One morning he showed up at my house wearing an honest-to-goodness windbreaker suit straight out of the nineties: purple, mint green, and what is best described as neon salmon. I curbed a grin while Silas gathered our detailing supplies from my garage. “What?” he deadpanned. “What are you staring at?”
“Your windbreaker is just so …”
“Fetching?” he interjected. “Voguish? Swanky?”
“Hot,” I said, playing along. “The nineties neon just exudes sex appeal.”
“Well, I thought so myself.”
And after the sun was high in the sky and the pavement was heating up, he took off the windsuit, revealing shorts and a New Moon T-shirt beneath, Edward Cullen’s pale face dramatically printed across the front. “Vader’s competition,” he said, shrugged, and started vacuuming the floors of the Corolla left in our care.
He also talked about the strangest things: “Can you ever really prove anything? How?” or “I read about this composer who said his abstract music went ‘to the brink’—that beyond it lay complete chaos. What would that look like? Complete chaos?” or “You know how in Shakespeare Romeo says, ‘Call me but love, and I’ll be new baptized’? He’s talking about his name, but baptism’s bigger than that; it has to be. It’s about identity, and wonder, and favor, you know?” or “A group of moles is called a labor; a group of toads is called a knot. Who comes up with this stuff? It’s a bouquet of pheasants, a murder of crows, a storytelling of ravens, a lamentation of swans. A lamentation of swans, West!”
One morning I was late coming downstairs, and Shea got to Silas first. The two of them sat drinking orange juice on the front steps and discussing Shea’s question of whether fish have boobs. “I think,” Silas said, sounding like a scholar, “they do not, since they’re not mammals. But mermaids do, since they’re half-fish, half-mammal.”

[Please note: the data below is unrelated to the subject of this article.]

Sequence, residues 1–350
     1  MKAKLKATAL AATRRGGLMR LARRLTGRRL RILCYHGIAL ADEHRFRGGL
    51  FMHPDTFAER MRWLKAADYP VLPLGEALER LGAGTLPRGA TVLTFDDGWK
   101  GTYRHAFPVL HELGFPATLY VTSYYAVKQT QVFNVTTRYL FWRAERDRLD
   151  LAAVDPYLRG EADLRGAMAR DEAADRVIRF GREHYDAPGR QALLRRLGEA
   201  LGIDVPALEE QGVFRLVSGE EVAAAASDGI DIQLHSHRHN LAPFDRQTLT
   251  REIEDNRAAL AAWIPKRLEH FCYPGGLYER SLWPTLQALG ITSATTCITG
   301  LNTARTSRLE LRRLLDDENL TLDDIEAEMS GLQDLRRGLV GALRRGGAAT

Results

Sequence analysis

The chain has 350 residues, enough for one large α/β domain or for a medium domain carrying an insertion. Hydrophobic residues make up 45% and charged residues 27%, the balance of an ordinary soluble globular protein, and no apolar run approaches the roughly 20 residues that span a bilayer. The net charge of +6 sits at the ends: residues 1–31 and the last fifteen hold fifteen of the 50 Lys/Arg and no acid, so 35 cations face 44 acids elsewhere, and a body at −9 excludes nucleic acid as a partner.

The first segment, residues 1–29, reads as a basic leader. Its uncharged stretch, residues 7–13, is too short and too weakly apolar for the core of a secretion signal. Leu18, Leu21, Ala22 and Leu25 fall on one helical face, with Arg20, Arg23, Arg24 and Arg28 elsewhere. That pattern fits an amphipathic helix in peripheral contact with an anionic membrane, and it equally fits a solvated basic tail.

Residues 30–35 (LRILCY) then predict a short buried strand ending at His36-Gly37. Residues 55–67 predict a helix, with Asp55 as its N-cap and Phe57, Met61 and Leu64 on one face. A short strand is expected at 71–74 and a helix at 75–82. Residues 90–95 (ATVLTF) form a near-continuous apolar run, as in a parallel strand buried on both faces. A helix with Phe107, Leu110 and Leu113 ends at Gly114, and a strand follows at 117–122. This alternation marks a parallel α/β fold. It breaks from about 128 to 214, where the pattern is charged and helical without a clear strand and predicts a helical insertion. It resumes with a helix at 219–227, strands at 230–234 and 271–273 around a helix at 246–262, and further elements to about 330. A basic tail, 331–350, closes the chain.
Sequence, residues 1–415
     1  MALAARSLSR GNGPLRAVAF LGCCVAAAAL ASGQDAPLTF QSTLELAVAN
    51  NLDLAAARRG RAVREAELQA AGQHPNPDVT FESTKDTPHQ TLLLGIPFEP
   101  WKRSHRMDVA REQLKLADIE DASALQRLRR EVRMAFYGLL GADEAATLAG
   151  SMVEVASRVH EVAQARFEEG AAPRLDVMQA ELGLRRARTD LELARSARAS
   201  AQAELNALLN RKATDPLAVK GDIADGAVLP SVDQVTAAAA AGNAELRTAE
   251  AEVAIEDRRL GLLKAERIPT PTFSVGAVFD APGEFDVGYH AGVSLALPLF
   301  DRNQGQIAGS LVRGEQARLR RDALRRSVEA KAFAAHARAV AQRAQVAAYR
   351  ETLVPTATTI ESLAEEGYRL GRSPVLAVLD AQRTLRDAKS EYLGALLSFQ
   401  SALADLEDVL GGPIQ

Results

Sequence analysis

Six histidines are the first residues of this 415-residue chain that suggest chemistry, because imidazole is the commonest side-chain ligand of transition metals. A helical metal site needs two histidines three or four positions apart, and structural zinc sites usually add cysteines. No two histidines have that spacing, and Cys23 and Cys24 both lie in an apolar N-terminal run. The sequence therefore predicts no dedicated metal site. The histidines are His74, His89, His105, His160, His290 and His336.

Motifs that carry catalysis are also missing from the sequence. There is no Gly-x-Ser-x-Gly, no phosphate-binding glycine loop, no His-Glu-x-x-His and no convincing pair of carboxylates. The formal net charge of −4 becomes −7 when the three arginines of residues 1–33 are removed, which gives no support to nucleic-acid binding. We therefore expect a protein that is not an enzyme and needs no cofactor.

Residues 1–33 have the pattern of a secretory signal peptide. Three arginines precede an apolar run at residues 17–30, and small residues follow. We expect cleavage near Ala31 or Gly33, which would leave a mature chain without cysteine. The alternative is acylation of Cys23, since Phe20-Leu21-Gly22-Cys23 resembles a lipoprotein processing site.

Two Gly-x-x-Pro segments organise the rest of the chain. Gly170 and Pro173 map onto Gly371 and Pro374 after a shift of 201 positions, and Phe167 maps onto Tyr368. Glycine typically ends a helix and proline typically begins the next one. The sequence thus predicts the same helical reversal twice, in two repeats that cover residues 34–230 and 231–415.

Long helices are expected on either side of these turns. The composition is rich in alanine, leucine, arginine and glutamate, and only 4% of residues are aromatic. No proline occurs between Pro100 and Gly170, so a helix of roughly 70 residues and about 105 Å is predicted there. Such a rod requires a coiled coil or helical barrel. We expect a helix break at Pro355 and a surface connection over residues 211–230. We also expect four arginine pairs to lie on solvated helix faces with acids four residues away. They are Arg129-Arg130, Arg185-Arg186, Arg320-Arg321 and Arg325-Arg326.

“Mermaids aren’t real though,” Shea said, the tiniest bit of hope in his voice that Silas would prove him wrong.
“Who told you that?” said Silas sternly.
“You think they’re real?” Shea asked.
“I can’t be sure,” Silas said, “but I might have seen one when I used to live in Florida. Probably best not to jump to any conclusions either way.”
Behind me, Libby giggled. Silas glanced at us over his shoulder through the screen door and grinned. “Libby,” he said, “what do you say? Mermaids, real or not?”
“I don’t want to jump to conclusions either way,” my shy sister said, then turned bright red.
“Smart girl,” said Silas.
That afternoon, Silas and I sat in the backseat of a dusty Saturn, trading off the handheld vacuum as we talked—or rather, shouted—over its noise. I ran the hand-vac over the back of the driver’s seat, while Silas said, “I used to think I was the only one with a crush on Emily Dickinson until a couple years ago.”
“You have a crush on Emily Dickinson?”
“Did you just ‘durr’ me? Is that like a ‘duh’?”
He nodded as I handed him the Dirt Devil. “But then I read this book that says it’s a rite of passage for any thinking American man. And then I read a poem called ‘Taking Off Emily Dickinson’s Clothes.’”
Just the title made me blush; I averted my eyes to focus on the vacuum’s trajectory.
Silas, unruffled, sighed unhappily.
“What’s wrong?” I asked, frowning, chancing a glance at him.
“I finally made it into the backseat with a girl,” Silas cracked, looking hard at the Dirt Devil. “This is not all I was hoping it would be.”
I slugged him in the arm, and his wry smile gave way to laughter.
Author Bio: Jackie Lea Sommers
Jackie Lea Sommers lives and loves and writes in Minnesota, where the people are nice and the Os are long. She is the 2013 winner of the Katherine Paterson Prize. She dislikes OCD, horcruxes, and Minnesota winters. She likes book boyfriends, cranky teenagers, and Minnesota springs. Truest is her first novel.
One signed and annotated hardcover of Truest